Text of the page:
Epic Games partners with NASA on the Metaverse project

The rapid growth of virtual reality technology in the gaming industry has opened up a significant number of opportunities in other industries. Scientific research and training is an example of this, and even NASA recognizes this potential. In a recent announcement, NASA announced that it is partnering with epic games to issue a “challenge” to game developers. The challenge is to create Mars-based virtual reality resources and experiences that can help prepare for an eventual trip to the Red Planet.

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The challenge was launched through the HeroX platform, which allows organizations to outsource solutions for unique projects. The NASA challenge is aimed at game developers, which is why it has partnered with Epic Games. Developers will use Unreal Engine 5 to create their Mars assets and experiences, which will ultimately be used within NASA’s Mars XR Operations Support System environment.

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Developers won’t be left to develop a complete Mars simulation from scratch, of course. The MarsXR environment already has a significant amount of content available to developers. MarsXR features a “world” with over 400 km^2 of Martian terrain, day/night cycles, realistic weather conditions, simulated gravity on Mars, and resources including spacesuits and rovers. Developers can then add to these assets or use what is available to create their custom experiences.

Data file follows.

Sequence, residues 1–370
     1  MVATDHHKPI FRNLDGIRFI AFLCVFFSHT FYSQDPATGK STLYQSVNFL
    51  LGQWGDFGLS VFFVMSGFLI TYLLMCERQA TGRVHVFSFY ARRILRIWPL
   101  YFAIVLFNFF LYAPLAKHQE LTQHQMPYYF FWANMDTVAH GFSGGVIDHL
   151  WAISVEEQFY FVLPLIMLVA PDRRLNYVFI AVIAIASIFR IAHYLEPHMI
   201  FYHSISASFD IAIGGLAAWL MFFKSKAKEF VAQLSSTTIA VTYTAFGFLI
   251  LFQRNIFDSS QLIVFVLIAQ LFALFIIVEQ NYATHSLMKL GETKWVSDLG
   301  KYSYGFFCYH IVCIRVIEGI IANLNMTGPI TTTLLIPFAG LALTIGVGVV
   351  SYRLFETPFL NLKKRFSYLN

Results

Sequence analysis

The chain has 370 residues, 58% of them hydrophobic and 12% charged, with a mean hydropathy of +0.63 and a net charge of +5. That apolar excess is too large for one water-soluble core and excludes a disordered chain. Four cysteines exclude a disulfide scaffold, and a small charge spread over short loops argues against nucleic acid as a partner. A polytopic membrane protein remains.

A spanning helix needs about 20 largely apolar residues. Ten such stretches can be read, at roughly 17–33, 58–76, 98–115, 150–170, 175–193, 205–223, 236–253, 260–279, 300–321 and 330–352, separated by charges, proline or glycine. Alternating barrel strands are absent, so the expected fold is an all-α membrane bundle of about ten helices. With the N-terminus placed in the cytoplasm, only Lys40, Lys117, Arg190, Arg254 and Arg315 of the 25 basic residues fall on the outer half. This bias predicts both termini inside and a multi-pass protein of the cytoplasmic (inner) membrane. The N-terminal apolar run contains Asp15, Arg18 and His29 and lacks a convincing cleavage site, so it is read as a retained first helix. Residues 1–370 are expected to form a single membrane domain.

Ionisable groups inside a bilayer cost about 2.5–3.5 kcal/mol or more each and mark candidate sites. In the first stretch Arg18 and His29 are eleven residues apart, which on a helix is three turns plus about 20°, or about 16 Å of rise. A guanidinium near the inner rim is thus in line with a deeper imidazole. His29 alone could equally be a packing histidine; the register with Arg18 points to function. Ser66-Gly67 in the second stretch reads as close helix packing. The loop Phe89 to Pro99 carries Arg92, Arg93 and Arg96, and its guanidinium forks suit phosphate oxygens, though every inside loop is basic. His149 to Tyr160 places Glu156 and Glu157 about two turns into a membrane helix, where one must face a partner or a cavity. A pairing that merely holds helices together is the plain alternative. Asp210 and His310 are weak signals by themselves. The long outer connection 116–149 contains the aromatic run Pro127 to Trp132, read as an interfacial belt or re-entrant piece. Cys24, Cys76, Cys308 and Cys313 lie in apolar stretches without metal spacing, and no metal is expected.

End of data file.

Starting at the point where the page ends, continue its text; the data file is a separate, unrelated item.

NASA is researching five different styles of experiences, so developers can choose the one that suits them best. The five ‘categories’ that NASA will assess include ‘Set up camp’, ‘Scientific research’, ‘Maintenance’, ‘Exploration’ and ‘Blow Our Minds’, the latter possibly meaning that some extraterrestrials from Mars will enter the picture. . There will be 20 individual prizes, 4 for each category, and a total prize pool of $7,000. The overall winner in each category will receive $6,000. Those who complete the challenge will have 80 days to participate in the challenge.


The challenge has already generated a lot of interest. Over 150 teams have registered, most of which are 1-2 member teams. It would not be surprising to see a significant number of others joining us in the coming months. The teams include participants from around the world, including Kenya, Iran, Ukraine, South Korea, Taiwan and beyond. Creating a simulation experience on Mars is clearly an exciting opportunity.

There are certainly fair criticisms to be made regarding NASA’s Mars crowdfunding experiments. Out of more than 150 teams who devote their free time to this project, only 20 will earn money. NASA should, by all means, have enough funds to employ development teams to create the experiences it seeks. That doesn’t make the project any less interesting, or the hard work of those development teams any less valuable, of course. Hoping that all Mars projects will be properly presented when the NASA challenge is over.


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